The Red Cloud chief. (Red Cloud, Webster Co., Neb.) 1873-1923, January 18, 1923, Image 2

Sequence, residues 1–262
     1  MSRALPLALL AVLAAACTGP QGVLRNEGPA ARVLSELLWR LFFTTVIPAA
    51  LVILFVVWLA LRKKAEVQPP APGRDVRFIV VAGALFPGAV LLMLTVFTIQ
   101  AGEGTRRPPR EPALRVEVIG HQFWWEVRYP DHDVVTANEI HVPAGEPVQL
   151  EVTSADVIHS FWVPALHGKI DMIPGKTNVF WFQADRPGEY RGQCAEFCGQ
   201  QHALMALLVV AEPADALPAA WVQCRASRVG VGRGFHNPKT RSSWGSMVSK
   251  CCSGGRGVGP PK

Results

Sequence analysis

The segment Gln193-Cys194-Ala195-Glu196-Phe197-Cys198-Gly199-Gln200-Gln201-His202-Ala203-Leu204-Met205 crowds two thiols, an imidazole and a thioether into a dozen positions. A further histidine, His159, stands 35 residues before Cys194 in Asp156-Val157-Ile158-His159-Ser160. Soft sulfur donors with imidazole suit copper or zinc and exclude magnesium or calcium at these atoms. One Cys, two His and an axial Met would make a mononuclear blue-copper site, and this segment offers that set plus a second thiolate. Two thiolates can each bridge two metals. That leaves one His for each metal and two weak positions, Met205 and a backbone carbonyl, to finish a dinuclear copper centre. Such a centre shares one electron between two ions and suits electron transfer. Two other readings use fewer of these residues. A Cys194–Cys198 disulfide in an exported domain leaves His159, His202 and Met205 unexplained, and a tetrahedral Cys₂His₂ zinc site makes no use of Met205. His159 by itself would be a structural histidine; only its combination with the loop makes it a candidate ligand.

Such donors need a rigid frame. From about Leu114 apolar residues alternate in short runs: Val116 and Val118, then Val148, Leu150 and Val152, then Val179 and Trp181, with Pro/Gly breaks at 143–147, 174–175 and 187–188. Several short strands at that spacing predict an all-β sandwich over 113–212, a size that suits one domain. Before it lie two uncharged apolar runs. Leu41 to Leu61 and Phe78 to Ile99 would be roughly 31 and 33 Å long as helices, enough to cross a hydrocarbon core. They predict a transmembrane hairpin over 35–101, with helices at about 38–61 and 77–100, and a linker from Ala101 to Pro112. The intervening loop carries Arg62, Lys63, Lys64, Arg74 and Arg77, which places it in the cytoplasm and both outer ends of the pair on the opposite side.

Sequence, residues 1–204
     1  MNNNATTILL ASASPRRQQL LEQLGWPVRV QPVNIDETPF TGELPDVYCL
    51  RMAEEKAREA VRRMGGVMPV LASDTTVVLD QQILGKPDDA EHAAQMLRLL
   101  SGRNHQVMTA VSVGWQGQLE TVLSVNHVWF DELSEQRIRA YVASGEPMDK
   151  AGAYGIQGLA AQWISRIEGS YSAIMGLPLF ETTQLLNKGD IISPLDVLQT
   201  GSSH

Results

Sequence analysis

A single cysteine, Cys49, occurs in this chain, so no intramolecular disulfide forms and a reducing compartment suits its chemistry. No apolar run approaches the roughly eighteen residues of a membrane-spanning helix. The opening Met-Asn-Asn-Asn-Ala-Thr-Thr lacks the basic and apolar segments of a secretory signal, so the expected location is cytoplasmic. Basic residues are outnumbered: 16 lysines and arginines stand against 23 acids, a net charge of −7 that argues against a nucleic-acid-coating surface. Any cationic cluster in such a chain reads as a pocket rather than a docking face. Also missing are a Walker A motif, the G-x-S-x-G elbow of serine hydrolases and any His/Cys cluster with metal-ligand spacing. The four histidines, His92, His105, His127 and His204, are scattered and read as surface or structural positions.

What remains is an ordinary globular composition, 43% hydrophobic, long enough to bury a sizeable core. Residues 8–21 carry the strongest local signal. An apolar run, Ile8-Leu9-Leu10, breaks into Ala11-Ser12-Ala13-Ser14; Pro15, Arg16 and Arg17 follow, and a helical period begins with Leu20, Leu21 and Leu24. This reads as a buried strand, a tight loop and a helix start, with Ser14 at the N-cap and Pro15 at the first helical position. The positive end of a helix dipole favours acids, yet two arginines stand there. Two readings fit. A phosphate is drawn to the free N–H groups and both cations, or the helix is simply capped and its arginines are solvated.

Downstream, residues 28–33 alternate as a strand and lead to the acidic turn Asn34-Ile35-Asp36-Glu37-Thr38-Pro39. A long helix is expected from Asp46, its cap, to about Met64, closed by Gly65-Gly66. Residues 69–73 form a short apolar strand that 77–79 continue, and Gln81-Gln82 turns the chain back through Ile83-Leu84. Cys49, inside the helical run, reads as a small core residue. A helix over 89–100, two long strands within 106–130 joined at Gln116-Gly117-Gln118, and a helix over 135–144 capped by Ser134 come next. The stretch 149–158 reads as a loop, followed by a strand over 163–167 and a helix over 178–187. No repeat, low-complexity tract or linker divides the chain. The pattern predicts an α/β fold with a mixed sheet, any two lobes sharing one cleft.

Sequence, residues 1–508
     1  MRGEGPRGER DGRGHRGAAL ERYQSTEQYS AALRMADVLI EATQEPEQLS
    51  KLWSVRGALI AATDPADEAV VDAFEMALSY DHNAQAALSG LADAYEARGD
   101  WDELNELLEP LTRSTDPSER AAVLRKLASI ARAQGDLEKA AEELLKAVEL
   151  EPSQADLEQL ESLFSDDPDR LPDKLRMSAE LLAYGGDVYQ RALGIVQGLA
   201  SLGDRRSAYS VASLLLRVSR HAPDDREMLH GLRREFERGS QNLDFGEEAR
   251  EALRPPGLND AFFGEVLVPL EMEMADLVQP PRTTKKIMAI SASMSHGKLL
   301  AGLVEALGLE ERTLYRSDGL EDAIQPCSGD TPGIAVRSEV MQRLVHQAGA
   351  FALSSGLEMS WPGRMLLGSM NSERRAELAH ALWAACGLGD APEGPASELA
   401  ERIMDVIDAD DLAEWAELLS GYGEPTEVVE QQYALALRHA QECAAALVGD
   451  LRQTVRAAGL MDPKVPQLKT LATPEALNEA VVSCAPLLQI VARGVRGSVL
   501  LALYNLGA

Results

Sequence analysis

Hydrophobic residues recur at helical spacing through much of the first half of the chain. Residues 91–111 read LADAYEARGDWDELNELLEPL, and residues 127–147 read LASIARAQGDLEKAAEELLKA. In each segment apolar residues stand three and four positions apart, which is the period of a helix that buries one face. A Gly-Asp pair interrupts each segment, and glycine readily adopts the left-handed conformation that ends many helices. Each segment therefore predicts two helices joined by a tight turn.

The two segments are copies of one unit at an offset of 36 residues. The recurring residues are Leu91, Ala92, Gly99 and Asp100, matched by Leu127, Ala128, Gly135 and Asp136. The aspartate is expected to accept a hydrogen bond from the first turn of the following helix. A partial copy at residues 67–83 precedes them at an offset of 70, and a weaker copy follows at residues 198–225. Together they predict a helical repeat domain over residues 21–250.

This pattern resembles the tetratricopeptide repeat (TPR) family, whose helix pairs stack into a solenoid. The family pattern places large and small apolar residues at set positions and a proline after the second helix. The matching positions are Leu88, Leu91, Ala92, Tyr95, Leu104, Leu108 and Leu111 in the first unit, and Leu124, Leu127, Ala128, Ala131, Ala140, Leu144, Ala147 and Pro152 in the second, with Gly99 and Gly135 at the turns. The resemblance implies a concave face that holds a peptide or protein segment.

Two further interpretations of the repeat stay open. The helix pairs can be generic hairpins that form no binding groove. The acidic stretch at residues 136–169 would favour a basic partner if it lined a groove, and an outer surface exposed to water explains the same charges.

RED CLOUD, NEBRASKA, CHIEF :ilk7!4Z2Gei'Cil'Gi!2Si$ .M Beasley's Christmas Party $ By V BOOTH TARKINGTON VI Continued. "From tho Despatch, hoy?" Mr. rock gave mo greeting, ns ho wound a k,nlt comforter about his neck. ."That's Rood.- We'd most glvo you up. Tils here's Mr. Grist, and Mr. Henry ,1'. Cullop, nnd Mr. Gus Schulmeycr--three men flint feel tho same way 'about Dnvo Uensley tlint I do. Thnt other yotuiR follor," ho waved a mlt toned hnnd to tho fourth mnn--"ho,B from the Journnl. Likely you're ac quainted." The young man from tho Journnl was unknown to me; moreover, I wus fur from overjoyed at his presence In the group. "I'vo got you newspaper men here," continued Mr. Pock, "because I'm jpoln' to show you somep'n' about Dnvo llenslcy tltat'll open a good many folk's eyes when It's In print." "Well, what Is It?" I asked, rather sharply. "Jest hold your horses a little bit," lie returned. "Grist and mo knows, anil so do Mr. Cullop and Mr. Schul meyer. And I'm goln' to take them and you two reporters to look at It. fll ready? Then come on." IIo threw open tho door, stooped io Uve gust thnt took him by tho throat, and led the way out Into the atorni. "What Is ho up to?" I gasped to the bournat uinn as wo followed In a Istruggllng line. "I don't know any more than you ,do," ho returned. "Ho thinks no's got something that'll queer ncaslcy. L'eck's an old fool, but It's Just pos sible he's got hold of something. Near 'ly everybody has one thing, at least, 'that they don't want found out. It may bo u good story. Lord, what a night I" I pushed ahead to the leader's sldo. "See here, Mr. Peck " I began, but lio cut me off. , "You listen to mo, young man! I'm (glvln' you some news for your paper, ,nud I'm glttln' nt It my own way, but III git at It, don't you worry I I'm goln' to lot somo folks around here know what kind of a feller Dave llleasley really Is; yes, and I'm IkoIh' to show George Dowden he can't laugh at mo I" ' "You're going to show Mr. Dowden?" I said. "You menu you're going to tnko him along with us ou this expe dition, too?" ' "Tnko him!" Mr. Peek emitted an ucrld. hark of laughter. "I guess he's at IJcTiiBley's, all right." "No, he Isn't ; bo's at home at Mrs. Apporthwalte's playing cards." "What 1" "I happen to know that he'll be there all evening." Mr. Peck smote his palms together. "Grist I" bo called, over his shoulder, and his collenguo struggled forward. '"Listen lo this: even Dowden ain't at lleusley's. Ain't tho Lord workln' for us tonight?" "Why don't you take Dowden with you," I urged, "if there's anything you want to show him?" "By George, I will I" shouted Pecte "I've got him whero tho hair's Bhort now !" "Tlint's right." suld Grist "Gentlemen" Peck turned to tho others "when we git to Mrs, Appcrth walte's, Jest stop outsldo along the fence a minute. I reckon we'll pick up a recruit." Shivering, we took up our way ngaln In single tile, stumbling through drifts thnt hnd deepened Incredibly within tho hour. Tho wind was straight ngnlnst uk, and so stlnglngly nhnrp nnd so laden with the driving wiow thnt when we reached Mrs. Ap- perlhwalto's gato (which wo ap proached from the north, not passing Beasloy's) my eyes wero so full of smarting tears I could see only blurred planes of light dancing vague ly In the darkness, Instead of brightly lighted windows. "Now," said Peck, panting nnd turning his buck to tho wind; "the rest of you gentlemen wait out here. You, two newspaper men, you come with me." IIo opened the gates nnd went In, tho Journal reporter and I follow ingall three of us wiping our half hllndcd eyes. When wo reached the shelter of the front porch, I took' the hoy from my pocket and opened the door. "I live here," I explained to Mr. Peck. "All right," he said. "Jest step In nnd tell Georgo Dowden that Sim Peck's out hero and wants to see him at the door u minute. Be quick." I went Into the library, and there sat Dowden contemplatively playing bridge with two of tho elderly lndlew nnd Miss Apporthwalte. The last mentioned person quite took my lircnth away. In honor of the Christmas eve (I supposed) she wore an evening dress of black lace, and tho only word for what she looked has suffered such mlsuHo that one hesitates over It: yet that Is what she was regal and no llcasl There was a sort of splendor nbout her. It detracted nothing from (his that her expression was n little sad: something not uncommon with her lately; a certnln melnncholy, fnlnt hut detectuble, like brenth on a mir ror. I had attributed It to Jcnn Vnl Jcnn, though perhaps tonight It might hnvo been duo merely to bridge. "What Is It?" nsked Dowden, when, after an apology foi disturbing the grtme, I had drawn him out In the hull. I motioned toward tho front door. "Simeon Peck. He thlnkB he's got something on Mr. Bcasley. He's wait ing to see you." Dowden uttered a sharp, half-coherent exclamation and stepped quick ly to tho door. "Peck 1" ho said, as he Jerked It open. "Oh, I'm herct" declared that gen tleman, stepping Into view. "I'vo come around, to let you know thnt you couldn't Inugh like a horse at mo no more, Georgo Dowden! So you weren't Invited, olthor." "Invited?" said Dowden. "Invited whero?" "Over to tho ball your friend Is glvln'." "Wlut friend?" "Davo Bensley. So you nln't quite good enough to dance with his high society friends I" "What aro you talking nbout?" Dowden demanded, Impatiently. "I reckon you won't bo quite no strong fer Bensley," responded Peck, with u vindictive little giggle, "when you dnd he enn use you In his business, hut when It comes to entertnlnln' oh no, you nln't quite tho boy I" "I'd appreciate your cxplnlnlng," suld Dowden. "It's kind of cold standing hero." Peck laughed shrilly. "Then I reckon you better git your hat and coat and come along. Can't do us no harm, and might bo an eye-opening fer you. Grist nnd Gus Schulmeycr and Hank Cullop's wnltln' out yonder at tho gate. We bo'n havln' kind of a consultation at my house over Komep'n' Grist Been at Beasloy's a little earlier In tho evening. "What did Grist see?" "Cuhsl Cabs drlvln' up to Beas loy's house a whole lot of 'em. Grist wus down the street a piece, and It was pretty dark, but ho could seo the lumpy nnd hear tho doors slam as tho peoplo got out. Besides, the whole placo Is lit up from cellar to attic. Grist come on to my house nnd told mo nbout It, nnd I begun usln' the telephone; called up all tho men that count In the party found most of 'em nt home, too. I ast 'em If they was Invited to this ball tonight; and "Gentlemen" Peck Turned to the Others "When We Git to Mrs. Ap perthwalte's, Just Stop Outside Along the Fence a Minute." not n one of 'em wus. They're only In politics; they ain't high society enough to bo ast to Mr. Beasloy's dancin'-purtlosl But I would 'a' thought he'd lot you In anywnys fer the second table!" Air. Peck shrilled out his acrid and exultant laugh again. "I got theso fellers from the newspapers, and nil I want Is to git this here hall In print tomorrow, and see what tho boys thnt do the work at the primaries huve to say nbout It and whnt their wlves'll say about tho man that's too high-toned to have 'cm In his house. I'll bet Bcasley thought ho was goln' to keep these doln's quiet ; afraid the farmers might not believe he's Jest the plain mnn ho sets up to be nfrnld thnt folks llku you thnt ain't Invited might turn ngnlnst him. I'll fool him! We're goln' to seo whnt there Is to see, nnd I'm goln' to hnve these hoys from the nrnvspupora write a full necount of It. If you want to come nlong, I expect It'll do you a power o' good." "I'll go," biild Dowdeu, quickly. Ho got his coat and hat from n table In tho hall, and we rejoined tho huddled and shivering group nt tho gate. "Got my recruit, gents I" shrilled Peck, slnpplng Dowden boisterously on the shoulders. "I reckon he'll git a chnnge of heart tonight I" And now, sheltering my eyes from tho stinging wind, 1 snw what I lind been too blind to seo ns wo approached Mrs. Apperthwalte's. Beasloy's liouso wus Illuminated; every window, up stairs and down, was aglow with rosy light, Thnt wns luminously evident, nlthough the shades, or most, of them, were lowered. HBIiffl MUM iliHiHw "Look nt thntr reefc turned Dowden, giggling triumphantly. "Whn'd I tell you ! How do you feel about It now?" "But whero nre the cabs?" asked Dowden, gravely. "Folks all come," answered Mr. Peck, with complete assurance. "Won't bo no more cabs till thoy be gin to go home." We plunged ahead as far ns tho corner of Beasloy's fence, wheru Peck stopped us again, nnd wo drew to gether, slnpplng our hands and stamp ing our foot. Peck was delighted n thoroughly happy mnn ; his sour giggle of exultation hnd become continuous, nnd the same Jovial break waa audi ble In Grist's voice ns he said to the Journal reporter nnd mo: "Go ahead, boys. Git your story. Wo'll wait hero fer you." The Journal reporter Blurted to ward the gate; ho hud gone, perhaps twenty feet when Simeon Peck whist led In slinrp warning. The reporter stopped short In his trucks. Bcnsloy's front door wns thrown open, nnd there stood Bensley himself In evening dress, bowing nnd smiling, but not nt us, for he did not see us. The bright linll behind him was beau tiful with evergreen streamers and wreaths, nnd great flowering plunts In Jnrs. A strain of dnnce-muslc wandered out to tis as the door opened, but there was nobody except Dcvld Bcasley In sight, which certainly occmed peculiar for a bnll 1 "Best of 'em Inside, dnncln'," ex plained Mr. Peck, crouching behind the picket-fence. "It'll be the house Is morc'n half full o' low-necked wlm mlnl" "Shi" said Grist "Listen-to Davo Bcasley." Bensley had begun 'to speak, nnd his voice, loud and clear, sounded over the wind. "Come right In, Colonel 1" ho said. "I'd have sent n tat for you If you hadn't telephoned me this afternoon that your rheumatism was so bnd you didn't expect to b able to come. I'm glnd you're well nguln. Yes, they're nil here, and tin ladles are getting up a dunce In the sitting-room." (It was at this moment that I re ceived upon tho cnlf of the right leg a kick, tho ecstatic violence of which led mo to attribute It and rightly, to Mr. Dowden.) "Gentlemen's dressing-room up stairs to the right, Colonel," called Bcasley, ns he closed the door. There wns a pnuso of awed sllcnco nmong us. (I Improved It by returning the kick to Mr. Dowden. He made no acknowledgment of Its reception other than to sink his chin a little deeper Into the collar of his ulster.) "By tho Almighty I" snld Simeon Peck, hoarsely. "Who what was Davo Bcasley talkln' to? There wasn't nobody) there 1" T "Git out," Grist bade him; but his tono was perturbed. "He scon that reporter. He was glvln' us tho laugh." "He's crazy!" exclaimed Peck, ve hemently. Immediately all four members of his party began to talk at the same timet Mr. Schulmeycr agreeing with Grist nnd Mr. Cullop holding with Peck thnt Bensley had surely become In sane; while the Journal man, re turning, was certain thut ho hud not been seen. Argument beenme n wrangle; excitement over the rcmark nblo scene we hnd witnessed, nnd, pcrhnps, n certnln shnrpness partially engendered by the risk of freezing, led to some bitterness, nigh words wero Hung upon the wind. Evcntunlly, Simeon Peek got tho floor to himself for n moment. ''See here, boys, there's no pbo glttln' mad amongs' ourselves," he voclfernted. "One thing we're all agreed on : nobody hore never seen no such a dam pecullnr performnnco ns we Jest Keen In their wholo lives be fore. Thurfore, bnll or no ball, there's somep'n' mighty wrong about this business. Ain't thnt so?" They snld It wns. "Well, then, there's only one thing ,to do let's find out what It Is." "You bet we will." "I wouldn't send no one In thero alone?' Peck went on, excitedly, "with a crazy man. Besides, I want to see what's goln' on, myself." "And so do we I" This declaration was unanimous. "Then let's seo-If there ain't some way to do It. Perhaps ho nln't pulled all the shades down on the other sldo the house. Lots o' people fcrglt to do that." There was but one mind In the party regurding this proposal. The next minute saw us all cautiously sneak ing into the side ynrd, a rugged line of bent and flapping figures, black against tho snow. Simeon Peck's expectations wcr ful filledmore than fulfilled. Not 7ily wero all tho shades of the big thro faced bay-window of the "sitting room" lifted, but (evidently on account or the too great generosity of a huge log lire that blazed In the old-fashioned chimney-place) one of the windows was half-raised us well. Here, In tho shndow Just beyond the rosy oblongs of light thnt fell upon the Know, we gnthered nnd looked freely within. (TO HE CONTINUED.) Cat an Important Perionano. In Holland n wet wedding day menus thut the bride bus forgotten to feed the cut. In Germany, wo aro told, the peasants who desire lluo weather for their washlug day, must pny special Live Ones Only Need Apply. Ad In a New York Paper Book keeper for fnctory of Christian son corn; good opportunity for advance ment far conscious worksr. Boston Transcript. X3ie AMERICAN I.KK)N (Copy (or Thli Department Supplied by the American Legion News Service.) TO HELP COMBAT ILLITERACY American Legion Auxiliary Called Upon by National Chairman to Aid ( In Educational Work. Under tho leadership of Mrs. J. D. Bnlrd of Lincoln, Neb., thousands of members of tho AiAricnn Legion Auxiliary assisted the Legion In Us American Educa tion week pro gram, December ;t to 0, Inclusive. Mrs. Bnlrd Is chairman of tho nuxlllnry's nation ul Americanism commission. Appealing to t li i niiYHInrv'it Mrs. J. E. Balra. 200,000 members, Mrs. Bnlrd mude the following state nient: "We, who gave our sons, brothers nnd husbands to bnttle for tho enlight enment of the world, nre deeply Inter ested In the 1 eglon's efforts to com bat Illiteracy and Ignorance which hnve been revon'ed ns one of our prin cipal sources of untlonnl danger. "The wnr draft tests, showing thnt our men from twenty-one to thirty years of nge were six per cent Illiter ate and the subsequent discovery thut the United States stands eleventh nmong the great nations in point of literacy have alarmed the good wom en of this country nnd they are engcr to remedy this deplorable state of alTulrs." Mrs. Bnlrd nlso pointed out thnt 22.4 per cent of those exnmlned for the draft were found to be physically unlit nnd urged thut the relatives of vet erans n-slst the Legion In Its program to Install playgrounds and to estab lish faculties for physical .exercise nmong school children. Among the principal nctlvltles of the auxiliary women during American Kd ucutlon week wus u cnmpnlgn urging the linportnnce of regulur visits to the schools. LEGION MAN TRAINS PIGEONS Stuart Cohen of St. Paul, Minn., an Expert in TeachWg the Favath- . ered Messengers. Training homing pigeons Is the hobby of Stuart W. Cohen, a member of tho American Legion In St. Paul, Minn. A pigeon lover since childhood, Cohen has been training tho birds since 1010. Ills pupils have flown successfully nt' all distunccs up to 1,-100 miles. A number of pig eons trained by Cohen nre now nsslstlng forest ft ?& -i . v.- Cl'.- 'Ask "'s Stuart W. Cohen. lire prevention work nt a post estab lished at Tower, Minn. Cohen sent n carrier pigeon to Vir ginia, Minn., recently, whero n mes sage wns attached to It to return to St. Paul. Worn out, Its tall drooping and Its big fenlhers singed, the pigeon came bnck to St. Paul. Tho message wns gone. In plnce of the little packet was a severe scratch nnd wound. The feathers were singed una milled, Indi cating It ImiiI encountered forest fires In the northern part of tho state. Cohen estimated that tho pigeon must have gone two or three hundred miles out of Its course when the smoko of the forest fires confused Its sense of direction. Cohen spent most of hla army serv ice at Camp Forest, Go. MACNIDER AS BUCK PRIVATE Former National Commander Prom ises to Tell Buddies How It Feels to Do Back In Ranlo. Hunford MucNIder, past national cominnniler of- tho American Legion, has promised to write an article In the near future for his Iowa huddles telling how It feels to bo n buck private In tho Legion ranks again. "Iteports thnt MncNlder might lo cato In the East after his term us notlonnl commander expired were Ab solutely without foundation," tho Iowa I.eglonnulre stntes. "Ho bus returned to his old Job at Muson City, Iowa, nnd taken his place us u buck In the ranks of Clnusen-Worden post. That ho will show up at Legion meetings hero and thero over tho stoto from tlmo to tlmo Is 'certain. IIo will be the snme old 'Jack' MncNlder, for Iowu Is his home and his heart Is hero with his gnng. "MucNIder inny think he will con tlnuo to bo n buck, but tho service he bus given this country Is fur too dis tinguished nnd he tins Impressed too many people with his caliber to long remain us n buck or prlvnto citizen. There nre too muny big Jobs ho cnu do better than any other mnn for him to long remain down here with us o: dlnury mortals." Bv t 1. : V3B f ,. 4m L -WOT V j TO CARE FOR MENTAL CASES Government Is Seeking Young Phy sicians to Undergo Special Training for Veterans' Bureau Service. Dr. Frank F. Hutchlns, cllnlcnl di rector of the United States Veterans' bureau, In Wash ington, D. C, to cenl ly lslted na tional lu'-idqunr-tors of the Amer ican Legion upon request to explain the new step tak en by the Voter nns' bureau to provide bettor trained doctors and nurses In the care of n euro psychlntrlc World aliVKtm-j Dr. Frank F. Hutchlns. wnr veterans. The government Is looking for r0 young doctors of medicine to compose tin Initial class for special training In the treatment of mentnl cases, Doctor JItitchlnH said. "Neuro-psychlutry Is perhaps the most dllllcult of all tho totcmus' ail ments," ho snld. "Almost anyone knows that tuberculosis Is caused by a definite germ. Almost everyono knows whnt kind of treatment and cure should bo given n tubercular pa tient. This mental disease, liowcwer. mny be the combination of ninny other physical ailments. Hardly two of them nro exnetly alike, it Is a dllllcult prob lem, und doctors handling these cases need special training. They must have all the patience in tin world." Doctor Hutchlns said it is Impossible to obtain the required number of sie clallsts In nervous and nicntel dis eases, und thut It litis become neces sary for the government to Instruct u stun of Its own for this line of work. "Tho policy of the bureau Is to pro vide medical attention for the disabled veterans so that everything possible, may be done to restore them to health nnd proper status in civilian life," ho jald. A systematic and comprehensive course In neuro-psychlutry lias been outlined. It consists of 17(1 lectures nnd demonstrations nnd some 440 hours of clinical nnd laboratory work Three courses are to be given. The, first, which will last four months. If the academic. Thu next Is u post graduate course of six weeks and the third consists of one or two confer ences a year lnstlng three or four days, where Ideas and experiences are ex changed. Tho nccepted candidates will receive, 100 n month during the school work, nnd nfter grnduntlon will be passed assistant surgeons In the reserve corps of the United States public health service, or eligible for employment in class "B" physicians under the United States clvH service co-jnmlsslon nnd us signed to duty with United Stntes Vet erans' bureau. Theso sulnrles range from ?:i,000 n your upwnril. Tho first class started work .Tnnu ary 4, and at the sumo time schools for graduate nurses, social service, oc-eupatlonul-therapeutlst and physio therapeutist work began. BONDY GETS RED CROSS CALL Member of Peers-Wllllams Post of St Louis Is Appointed Director of War Service. Robert K. Bondy, n member o' Peers Williams post of the American Legion lit St Louis, bus recently been ap pointed to the Im portant office of director of wnr service of the A m eric u ii Bed Cross. Mr. Bondy hns hnd n wide range of experience with tho Red Cross since April, 11)10, when he enmo to tho or gnnlzution from K Robert E. Bondy. the social service bureau of tho cham ber of commerce of Columbus, 0 where he organized one of thu first Inrge wnr chests of the curly war days, raising $a,2.r0,000 In that city In ono drive. IIo served ns secretnry-U'eiiBiirer of the public welfare section of tho Ohio conference of public welfare In 1017 and during tho war wns an enlisted num. Mr. Boudy is u native of Minnesota, and received his education fit Chlcugo university. For a tlmo he wus a re porter on tho Chicago Tribune. HI; ninny duties huve thrown him In con tact with the work for ex-service men. This, combined with his enmp experi ence und his training ns n social serv ice executive, peculiarly fits him for bis new duties. Representing the Red Cross, Mr. Bondy spoke ut the recent nutlonul gathering of Legion statu adjutants held in Indlunapulls. Chance to Profit. Rnfferty of the Old Sod, and Mac Pherson, n Scot, were miners together. Onu dny RnlTorty accidentally emptied his pipe on a keg of powder und when ho came down it wus on (ho Install nient plnn. Mac's grief wns genuine, but finally he dried his tears and went off to notify Mrs. Itufforty. "Is this the Widow Rufferty?" ho asked when u woman appeared at tho door. "'TIs Mrs. Rafferty I anj, but no Widow RatTerty," she snapped. A buslnessltko glcum came Into Mac Pherson's eye. "An' how much will ye bet?" ho de manded. American Legion Weekly, Wa if. J is OIK. DOCTORS WANTED TO OPERATE i Mrs. Qolllon Tells How Lydia E. Pinkham's Vegetable Componod Saved Her from an Operation Muskccon, Michigan. "After doctor ing for eightor nine yenrswith different pnysicians wttnouc anyrcheiataii,tnev aid atlast that med icine would not roach my case and 1 should have an operation. I had hoard of Lydia E. Pinkham's Vege" Utbio Compound and often saw it adver tised in different pa pers where non women had Buffered iust as I did and trot well and strong ogam by taking tho Veg etable Compound. I decided to seo' what it would do for me, and beforo I had finished tho fourth bottlo I was much better, tho weakness stopped and tho Govcre pains in my sides left mo. I am now much stronger and do my own work and work in the factory besides. I am still taking the Vegetable Compound and gi vo it all tho praise. ' ' Mrs. Nellie QuiLLON,17MorrisSt,Mu8kcgon, Mich. Women should heed such warning symptoms as bearing-down pains ana weakness, for they indicate some fomaio trouble, and a persistent and faithful uso of Lydia E. Pinkham's Vegetable Compound will seldom fail to help. MAN'S BEST AGE A man is as old as his organs ; he can be as vigorous and healthy at 70 as at 35 if he aids his organs in performing their functions. Keep your vital organs healthy with LATHROP'S A-flKDM HAARLEM OIL IS The world's standard remedy for kidney; liver, bladder nnd uric add troubles since 1696;correctsdisorders;stimulate9 vital organs. All druggists, three sizes. Look for tho nam Gold Medal on Tr box and accept no Imitation rryPISO'S Attonithinglr auick relief. A COUGH lyrup different from U other pleasant no up Ml stomach no opiate. 3 So and 60c verrwber GOOD CIGARETTES GENUINE BULL" DURHAM TOBACCO Nothing to Eat. My most embarrassing moment came .when I hnd dinner with u friend wno put out n most beautifully serced and appointed meal, with xdi'kcoii!) service and artistic settiiiKS, but with little food. I was duly Impressed with tho beauty of the mciil, but equally de pressed by the lack of food, and with both these feelings In mind I blurted out to the hostess on leaving: "You must come nnd dine with us soon. I can't promise you a more nrtlstlc din ner than yours was, my dear, but you may be sure It will be more substan tial." Chicago Tribune. Relative Rewards. "Do you know," snld the earnest per son, "that there are men renowned In literature, art and science whoso an nual Incomes aro not large enough to give them the ordinary comforts of life?" "I don't doubt It," said Mr. Gawkcr, "but If nature gave them sound bodies: to start wltli and they've enjoyed rea sonably good health, It seems toc ma that It's their own fault If they huveu't gone In for athletics and acquired pro ficiency with n pair of eight-ounce gloves." Illrmlnghiim Age-lleruld. Children's handkerchiefs often look hopeless when they come to tho laun dry. Wash with good soap, rinse In water blued with lied Cross Ball Blue. Advertisement. A nch bachelor uncle has matters made as pleasant for him as a rich grandpa. Nature has Its sprees and pays for them a good deal as human nature docs. Refreshes Weary Eyes When Your Eyes feel Dull nd Heavy, uie Murine. It In untlrlUlteveithttTlrcdFtctlng Make them Ctetr, Blight and SpaiUlng. lUrmleM. Sold and Recommended by Alt Drulit. X MtteviEVES MBHMMHMHM aM SO IP ;JMi5fisr KrXFtWM " JDBL c l I J ..